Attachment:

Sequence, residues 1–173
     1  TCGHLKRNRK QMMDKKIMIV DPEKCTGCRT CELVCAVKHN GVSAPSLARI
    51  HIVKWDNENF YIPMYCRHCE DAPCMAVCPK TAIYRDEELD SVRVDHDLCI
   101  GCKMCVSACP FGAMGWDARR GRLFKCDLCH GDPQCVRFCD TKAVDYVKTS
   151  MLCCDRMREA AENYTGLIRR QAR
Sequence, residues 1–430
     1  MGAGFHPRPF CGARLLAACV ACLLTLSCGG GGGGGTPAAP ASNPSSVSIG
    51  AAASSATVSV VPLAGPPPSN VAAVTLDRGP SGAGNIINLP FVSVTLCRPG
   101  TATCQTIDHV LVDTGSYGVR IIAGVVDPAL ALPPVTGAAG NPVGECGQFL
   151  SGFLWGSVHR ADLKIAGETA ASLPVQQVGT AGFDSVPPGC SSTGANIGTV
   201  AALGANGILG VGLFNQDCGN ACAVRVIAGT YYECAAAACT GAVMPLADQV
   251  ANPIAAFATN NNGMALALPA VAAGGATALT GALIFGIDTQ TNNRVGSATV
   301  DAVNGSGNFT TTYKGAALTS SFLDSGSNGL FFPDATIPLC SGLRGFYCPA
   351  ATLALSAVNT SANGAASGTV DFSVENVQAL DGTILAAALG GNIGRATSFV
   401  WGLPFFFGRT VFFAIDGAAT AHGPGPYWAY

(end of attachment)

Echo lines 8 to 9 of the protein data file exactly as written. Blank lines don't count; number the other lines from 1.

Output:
    51  AAASSATVSV VPLAGPPPSN VAAVTLDRGP SGAGNIINLP FVSVTLCRPG
   101  TATCQTIDHV LVDTGSYGVR IIAGVVDPAL ALPPVTGAAG NPVGECGQFL